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Review
December 16, 2019

Association Between Cigarette Smoking and Multiple Sclerosis: A Review

Author Affiliations
  • 1Ann Romney Center for Neurologic Disease, Harvard Medical School, Boston, Massachusetts
  • 2Partners Multiple Sclerosis Center, Department of Neurology, Brigham and Women’s Hospital, Harvard Medical School, Boston, Massachusetts
JAMA Neurol. Published online December 16, 2019. doi:10.1001/jamaneurol.2019.4271
Abstract

Importance  Cigarette smoking is a common environmental exposure and addiction, which has severe health consequences. Smoking is a risk factor for multiple sclerosis (MS); also, smoking has been associated with disease activity and overall prognosis for patients with MS.

Observations  Cigarette smoking is an irritative agent on the lungs, in which a proinflammatory cascade starts that culminates in autoimmunity. Inflammation may increase the risk of MS in some individuals, in a process driven by antigen cross-reactivity between lung antigens and myelin antigens. Genetics plays a central role in the individual predisposition to mounting an autoimmune reaction. Also, free radicals, cyanates, and carbon monoxide in cigarette smoke may be directly toxic to neurons. Patients with MS who smoke have higher rates of disease activity, faster rates of brain atrophy, and a greater disability burden. Some of the outcomes of smoking were found to be reversible, which makes counseling key.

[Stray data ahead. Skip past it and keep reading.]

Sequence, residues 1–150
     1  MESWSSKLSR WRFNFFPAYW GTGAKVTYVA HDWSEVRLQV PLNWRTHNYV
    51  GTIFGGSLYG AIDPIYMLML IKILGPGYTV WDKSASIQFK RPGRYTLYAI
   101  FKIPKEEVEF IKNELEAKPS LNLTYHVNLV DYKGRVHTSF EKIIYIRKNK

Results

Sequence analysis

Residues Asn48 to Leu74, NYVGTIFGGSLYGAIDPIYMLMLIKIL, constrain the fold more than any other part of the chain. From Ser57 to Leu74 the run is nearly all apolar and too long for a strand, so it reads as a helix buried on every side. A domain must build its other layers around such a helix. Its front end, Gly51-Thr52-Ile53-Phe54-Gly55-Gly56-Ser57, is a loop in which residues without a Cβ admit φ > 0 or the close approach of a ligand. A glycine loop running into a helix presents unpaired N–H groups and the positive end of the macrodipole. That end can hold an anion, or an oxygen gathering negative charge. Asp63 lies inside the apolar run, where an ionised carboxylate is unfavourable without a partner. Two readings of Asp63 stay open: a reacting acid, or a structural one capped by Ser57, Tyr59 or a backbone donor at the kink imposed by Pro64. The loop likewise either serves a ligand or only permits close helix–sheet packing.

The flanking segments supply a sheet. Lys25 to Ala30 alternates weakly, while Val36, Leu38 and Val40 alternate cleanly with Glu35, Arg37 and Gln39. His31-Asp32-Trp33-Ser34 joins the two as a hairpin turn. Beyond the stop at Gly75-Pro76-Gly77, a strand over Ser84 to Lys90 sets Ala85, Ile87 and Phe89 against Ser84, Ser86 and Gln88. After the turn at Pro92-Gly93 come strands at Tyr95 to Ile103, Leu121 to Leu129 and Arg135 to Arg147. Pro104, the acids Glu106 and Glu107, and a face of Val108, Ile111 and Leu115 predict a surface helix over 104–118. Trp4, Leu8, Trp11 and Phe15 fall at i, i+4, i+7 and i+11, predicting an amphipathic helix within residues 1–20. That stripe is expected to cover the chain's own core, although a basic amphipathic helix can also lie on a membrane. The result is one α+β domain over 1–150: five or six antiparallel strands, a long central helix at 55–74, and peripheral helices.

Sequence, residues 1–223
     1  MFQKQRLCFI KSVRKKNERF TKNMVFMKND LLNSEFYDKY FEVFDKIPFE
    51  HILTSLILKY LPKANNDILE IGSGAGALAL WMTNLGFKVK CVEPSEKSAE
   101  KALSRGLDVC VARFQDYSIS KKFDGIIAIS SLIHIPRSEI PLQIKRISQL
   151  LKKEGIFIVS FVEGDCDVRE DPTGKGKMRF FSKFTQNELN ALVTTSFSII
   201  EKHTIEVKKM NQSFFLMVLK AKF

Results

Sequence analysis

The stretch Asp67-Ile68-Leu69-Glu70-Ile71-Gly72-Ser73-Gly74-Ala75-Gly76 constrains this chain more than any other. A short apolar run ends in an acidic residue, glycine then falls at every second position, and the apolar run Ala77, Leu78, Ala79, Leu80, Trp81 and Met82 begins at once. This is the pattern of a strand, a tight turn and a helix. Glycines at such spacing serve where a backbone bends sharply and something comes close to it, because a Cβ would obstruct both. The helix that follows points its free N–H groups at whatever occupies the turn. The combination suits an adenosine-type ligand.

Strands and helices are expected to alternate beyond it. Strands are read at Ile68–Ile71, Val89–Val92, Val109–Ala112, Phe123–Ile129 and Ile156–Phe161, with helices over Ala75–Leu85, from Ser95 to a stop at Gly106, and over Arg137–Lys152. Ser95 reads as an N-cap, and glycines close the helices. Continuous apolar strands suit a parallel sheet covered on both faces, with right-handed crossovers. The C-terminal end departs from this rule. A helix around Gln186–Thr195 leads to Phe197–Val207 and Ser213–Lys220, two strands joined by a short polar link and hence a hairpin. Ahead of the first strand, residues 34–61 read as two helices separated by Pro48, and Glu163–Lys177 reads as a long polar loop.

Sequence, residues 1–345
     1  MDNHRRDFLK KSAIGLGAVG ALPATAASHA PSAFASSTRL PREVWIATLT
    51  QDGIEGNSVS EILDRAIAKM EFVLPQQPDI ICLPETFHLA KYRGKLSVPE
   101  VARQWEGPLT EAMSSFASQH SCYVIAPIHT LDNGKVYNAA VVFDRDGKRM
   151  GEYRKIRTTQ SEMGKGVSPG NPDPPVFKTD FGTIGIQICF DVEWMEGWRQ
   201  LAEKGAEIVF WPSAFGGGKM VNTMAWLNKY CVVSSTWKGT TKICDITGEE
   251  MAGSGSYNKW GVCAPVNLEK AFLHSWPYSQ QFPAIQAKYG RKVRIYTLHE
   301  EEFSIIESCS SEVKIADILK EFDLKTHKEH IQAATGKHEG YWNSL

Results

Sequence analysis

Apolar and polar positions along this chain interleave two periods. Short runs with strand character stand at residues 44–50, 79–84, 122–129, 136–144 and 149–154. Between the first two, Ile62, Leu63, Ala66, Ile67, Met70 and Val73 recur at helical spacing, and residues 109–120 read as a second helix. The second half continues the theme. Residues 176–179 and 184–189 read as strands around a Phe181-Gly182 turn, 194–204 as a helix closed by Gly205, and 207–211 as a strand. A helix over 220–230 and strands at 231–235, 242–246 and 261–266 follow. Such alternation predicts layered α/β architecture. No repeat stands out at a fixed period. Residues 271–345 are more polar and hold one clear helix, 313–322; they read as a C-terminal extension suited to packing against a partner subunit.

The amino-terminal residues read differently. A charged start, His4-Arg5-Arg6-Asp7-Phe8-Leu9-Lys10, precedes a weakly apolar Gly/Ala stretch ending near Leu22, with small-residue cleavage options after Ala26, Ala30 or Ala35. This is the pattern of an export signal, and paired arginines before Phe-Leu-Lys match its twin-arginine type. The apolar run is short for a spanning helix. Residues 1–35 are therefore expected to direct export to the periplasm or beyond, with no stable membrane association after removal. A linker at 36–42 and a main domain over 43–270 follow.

Conclusions and Relevance  The pathways involved in cigarette smoking should be further analyzed to understand the mechanisms whereby smoking worsens MS prognosis. The proinflammatory and neurotoxic outcomes of cigarette smoking may be shared by other environmental exposures, such as pollution and organic solvents. From a global perspective, efforts should be made to diminish the prevalence of cigarette smoking in patients with MS.

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